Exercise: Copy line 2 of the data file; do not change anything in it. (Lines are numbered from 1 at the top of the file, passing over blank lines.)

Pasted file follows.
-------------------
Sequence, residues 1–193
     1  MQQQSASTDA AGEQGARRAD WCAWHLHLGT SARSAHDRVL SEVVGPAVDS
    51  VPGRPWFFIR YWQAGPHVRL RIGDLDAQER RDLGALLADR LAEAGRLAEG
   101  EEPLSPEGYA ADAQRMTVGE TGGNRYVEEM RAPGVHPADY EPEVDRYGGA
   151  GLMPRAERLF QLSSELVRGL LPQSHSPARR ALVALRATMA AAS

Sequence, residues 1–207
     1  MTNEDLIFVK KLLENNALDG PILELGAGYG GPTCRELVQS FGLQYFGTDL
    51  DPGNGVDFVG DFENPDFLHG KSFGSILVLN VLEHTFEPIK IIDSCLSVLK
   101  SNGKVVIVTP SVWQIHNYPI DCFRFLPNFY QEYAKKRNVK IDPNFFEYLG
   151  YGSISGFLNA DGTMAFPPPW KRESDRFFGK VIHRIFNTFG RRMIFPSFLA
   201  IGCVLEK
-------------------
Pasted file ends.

     1  MQQQSASTDA AGEQGARRAD WCAWHLHLGT SARSAHDRVL SEVVGPAVDS